|Publication number||US7695549 B2|
|Application number||US 12/109,652|
|Publication date||Apr 13, 2010|
|Filing date||Apr 25, 2008|
|Priority date||Sep 26, 2006|
|Also published as||US20080202762|
|Publication number||109652, 12109652, US 7695549 B2, US 7695549B2, US-B2-7695549, US7695549 B2, US7695549B2|
|Inventors||William A. Grubb, Carl G. Woodworth, Steve Smith|
|Original Assignee||Global Oilfield Services Llc|
|Export Citation||BiBTeX, EndNote, RefMan|
|Patent Citations (31), Referenced by (2), Classifications (8), Legal Events (4)|
|External Links: USPTO, USPTO Assignment, Espacenet|
This application is a continuation-in-part patent application of U.S. patent application Ser. No. 11/535,225, filed Sep. 26, 2006.
1. Field of the Invention
The present invention is directed to a dual use or combination fluid filtration tool to separate both solid particles and gas from fluid. In particular, the present invention is directed to a dual use fluid filtration tool to separate both solid particles and gas wherein the tool is used with downhole equipment having a shaft that passes through the tool.
2. Prior Art
Various types of downhole equipment, such as pumps and similar devices, are used to move fluids from beneath the surface of the earth to the surface. Well known applications include oil and gas wells and water wells. A typical downhole arrangement would include a string composed of a series of tubes or tubing suspended from the surface. One type of well-knot pump is a downhole electrical submersible pump. The electrical submersible pump either includes or is connected to a downhole motor which is sealed so that the whole assembly is submerged in the fluid to be pumped. The motor is connected to a power source at the surface and operates beneath the level of fluid downhole in order to pump the fluid to the surface. A component is connected to the motor which prevents well fluid from entering the motor and equalizes internal motor pressure with the well annulus pressure. The component is commonly known as a protector, seal or equalizer.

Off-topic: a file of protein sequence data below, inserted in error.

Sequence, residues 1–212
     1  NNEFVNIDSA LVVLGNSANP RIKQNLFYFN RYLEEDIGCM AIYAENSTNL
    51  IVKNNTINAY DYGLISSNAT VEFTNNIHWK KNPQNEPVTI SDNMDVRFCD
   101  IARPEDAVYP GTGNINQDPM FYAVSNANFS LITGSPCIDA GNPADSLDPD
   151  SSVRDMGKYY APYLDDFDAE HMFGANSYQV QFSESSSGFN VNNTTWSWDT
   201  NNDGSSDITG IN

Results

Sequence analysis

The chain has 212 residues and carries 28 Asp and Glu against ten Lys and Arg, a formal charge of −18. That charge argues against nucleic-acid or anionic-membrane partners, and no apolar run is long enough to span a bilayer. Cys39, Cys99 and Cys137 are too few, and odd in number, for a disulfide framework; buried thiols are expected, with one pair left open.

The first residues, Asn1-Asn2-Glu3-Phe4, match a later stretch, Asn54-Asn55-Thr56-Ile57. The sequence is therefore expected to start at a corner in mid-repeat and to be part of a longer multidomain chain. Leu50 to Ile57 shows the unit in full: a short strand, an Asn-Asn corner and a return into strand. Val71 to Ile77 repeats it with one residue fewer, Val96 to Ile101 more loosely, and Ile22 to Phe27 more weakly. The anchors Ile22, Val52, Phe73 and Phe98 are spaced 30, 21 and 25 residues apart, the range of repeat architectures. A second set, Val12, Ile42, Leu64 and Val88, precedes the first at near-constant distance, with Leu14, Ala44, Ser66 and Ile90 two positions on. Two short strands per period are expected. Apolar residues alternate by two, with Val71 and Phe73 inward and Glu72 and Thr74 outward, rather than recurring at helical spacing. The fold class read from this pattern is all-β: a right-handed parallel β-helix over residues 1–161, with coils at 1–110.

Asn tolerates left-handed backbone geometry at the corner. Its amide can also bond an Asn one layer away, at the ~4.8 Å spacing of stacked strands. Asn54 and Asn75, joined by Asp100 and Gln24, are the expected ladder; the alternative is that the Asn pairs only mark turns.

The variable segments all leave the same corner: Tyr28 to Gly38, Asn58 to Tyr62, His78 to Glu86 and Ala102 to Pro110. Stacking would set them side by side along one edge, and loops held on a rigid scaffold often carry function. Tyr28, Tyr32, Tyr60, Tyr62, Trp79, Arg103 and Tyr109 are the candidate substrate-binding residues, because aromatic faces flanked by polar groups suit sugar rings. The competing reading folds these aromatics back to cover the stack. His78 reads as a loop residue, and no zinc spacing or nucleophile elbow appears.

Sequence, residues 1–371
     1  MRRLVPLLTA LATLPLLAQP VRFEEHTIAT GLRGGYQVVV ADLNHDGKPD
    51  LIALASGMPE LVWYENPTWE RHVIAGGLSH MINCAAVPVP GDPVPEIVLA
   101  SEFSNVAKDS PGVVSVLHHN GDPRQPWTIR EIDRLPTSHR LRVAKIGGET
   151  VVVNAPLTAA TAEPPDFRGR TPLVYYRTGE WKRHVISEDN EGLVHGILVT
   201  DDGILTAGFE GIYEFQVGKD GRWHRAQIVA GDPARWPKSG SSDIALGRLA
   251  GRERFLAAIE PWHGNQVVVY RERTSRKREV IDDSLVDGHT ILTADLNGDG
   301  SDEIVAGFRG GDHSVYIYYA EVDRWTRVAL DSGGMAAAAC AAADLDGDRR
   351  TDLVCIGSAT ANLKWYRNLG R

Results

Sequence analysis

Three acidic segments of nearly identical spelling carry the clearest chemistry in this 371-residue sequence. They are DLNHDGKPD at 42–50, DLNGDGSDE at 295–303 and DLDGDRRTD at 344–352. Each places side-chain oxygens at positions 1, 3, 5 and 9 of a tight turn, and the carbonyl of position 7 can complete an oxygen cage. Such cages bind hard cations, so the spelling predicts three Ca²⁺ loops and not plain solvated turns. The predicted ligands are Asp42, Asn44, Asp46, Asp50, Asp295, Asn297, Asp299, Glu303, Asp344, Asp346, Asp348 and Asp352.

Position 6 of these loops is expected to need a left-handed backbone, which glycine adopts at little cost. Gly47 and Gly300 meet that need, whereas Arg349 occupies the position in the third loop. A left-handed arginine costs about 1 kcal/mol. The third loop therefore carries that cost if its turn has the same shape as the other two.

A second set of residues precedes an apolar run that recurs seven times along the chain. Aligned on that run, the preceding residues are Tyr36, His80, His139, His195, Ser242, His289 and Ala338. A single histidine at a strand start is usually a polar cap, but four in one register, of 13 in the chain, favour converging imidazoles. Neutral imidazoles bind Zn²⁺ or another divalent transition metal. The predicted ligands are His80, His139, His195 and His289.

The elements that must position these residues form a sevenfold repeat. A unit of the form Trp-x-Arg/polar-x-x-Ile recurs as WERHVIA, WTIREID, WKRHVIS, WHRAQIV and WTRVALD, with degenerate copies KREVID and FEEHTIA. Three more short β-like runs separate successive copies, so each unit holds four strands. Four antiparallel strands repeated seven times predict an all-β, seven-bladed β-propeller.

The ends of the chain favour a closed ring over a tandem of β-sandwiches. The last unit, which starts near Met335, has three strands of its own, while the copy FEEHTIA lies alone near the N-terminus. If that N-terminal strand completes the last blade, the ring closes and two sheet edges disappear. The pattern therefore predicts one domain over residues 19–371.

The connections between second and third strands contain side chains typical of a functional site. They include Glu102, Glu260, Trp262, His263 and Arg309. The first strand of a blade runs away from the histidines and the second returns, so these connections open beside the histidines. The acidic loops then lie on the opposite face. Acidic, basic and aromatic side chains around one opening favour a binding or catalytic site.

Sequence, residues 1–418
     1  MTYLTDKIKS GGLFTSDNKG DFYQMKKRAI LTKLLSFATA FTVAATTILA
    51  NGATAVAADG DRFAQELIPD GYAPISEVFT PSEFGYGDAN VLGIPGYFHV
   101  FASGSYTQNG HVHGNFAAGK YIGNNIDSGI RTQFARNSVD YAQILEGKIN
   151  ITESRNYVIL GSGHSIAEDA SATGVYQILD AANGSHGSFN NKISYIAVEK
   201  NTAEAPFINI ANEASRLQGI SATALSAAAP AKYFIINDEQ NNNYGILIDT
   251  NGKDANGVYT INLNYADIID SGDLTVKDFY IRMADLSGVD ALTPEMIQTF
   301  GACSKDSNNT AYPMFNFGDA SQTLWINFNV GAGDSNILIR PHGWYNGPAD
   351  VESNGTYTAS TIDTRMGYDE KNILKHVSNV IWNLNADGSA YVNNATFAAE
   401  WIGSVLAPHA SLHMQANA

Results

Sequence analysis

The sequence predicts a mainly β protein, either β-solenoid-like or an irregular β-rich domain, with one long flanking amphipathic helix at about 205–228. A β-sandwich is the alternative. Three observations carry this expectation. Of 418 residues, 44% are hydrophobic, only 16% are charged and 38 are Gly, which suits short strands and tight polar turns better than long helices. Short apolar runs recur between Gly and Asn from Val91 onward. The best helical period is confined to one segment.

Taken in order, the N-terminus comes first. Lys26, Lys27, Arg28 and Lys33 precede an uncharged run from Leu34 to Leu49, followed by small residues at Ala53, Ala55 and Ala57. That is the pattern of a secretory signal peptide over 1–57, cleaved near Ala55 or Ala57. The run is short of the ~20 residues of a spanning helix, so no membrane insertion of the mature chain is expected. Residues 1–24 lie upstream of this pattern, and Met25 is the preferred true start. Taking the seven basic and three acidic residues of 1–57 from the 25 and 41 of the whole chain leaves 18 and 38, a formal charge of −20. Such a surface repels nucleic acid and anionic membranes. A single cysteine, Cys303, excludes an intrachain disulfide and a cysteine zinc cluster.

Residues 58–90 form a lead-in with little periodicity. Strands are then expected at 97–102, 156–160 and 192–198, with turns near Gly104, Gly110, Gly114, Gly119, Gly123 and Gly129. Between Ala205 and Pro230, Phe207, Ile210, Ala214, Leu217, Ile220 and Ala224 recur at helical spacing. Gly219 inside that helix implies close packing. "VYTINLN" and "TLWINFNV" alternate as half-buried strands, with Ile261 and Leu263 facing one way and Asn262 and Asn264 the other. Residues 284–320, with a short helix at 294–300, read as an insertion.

Single stage submersible pumps are utilized in drainage and industrial pumping applications. Multiple stage submersible pumps are often used in oil wells and include a staged series of centrifugal pumps to move the fluid to the surface.
A number of factors may be detrimental to the production of an electrical submersible pump. One detrimental factor is the presence of foreign solid particles, such as sand, sediment, and scale. The amount and size of foreign solid particles in the fluid may vary widely depending on the well and the conditions encountered. In enhanced recovery operations, for example, fluids may be pumped down the well to stimulate production causing additional movement of sands and solids. The solid particles act as abrasives and, over time, are detrimental to the operation of the pump. Pumps and motors may rotate at from 2575 to 4600 rpm and have tight clearances and, accordingly, are not tolerant of solids.
A further detrimental factor is encountered in wells which contain an excess amount of gas or gas bubbles. If too much gas or gas bubbles enters the intake of the pump, it will cause the pump to decrease in efficiency. It is known that the electrical submersible pumps have dramatically lower efficiencies with significant fractions of gas. At some point, the pump may become “gas locked” and damage to the pump and/or motor may result.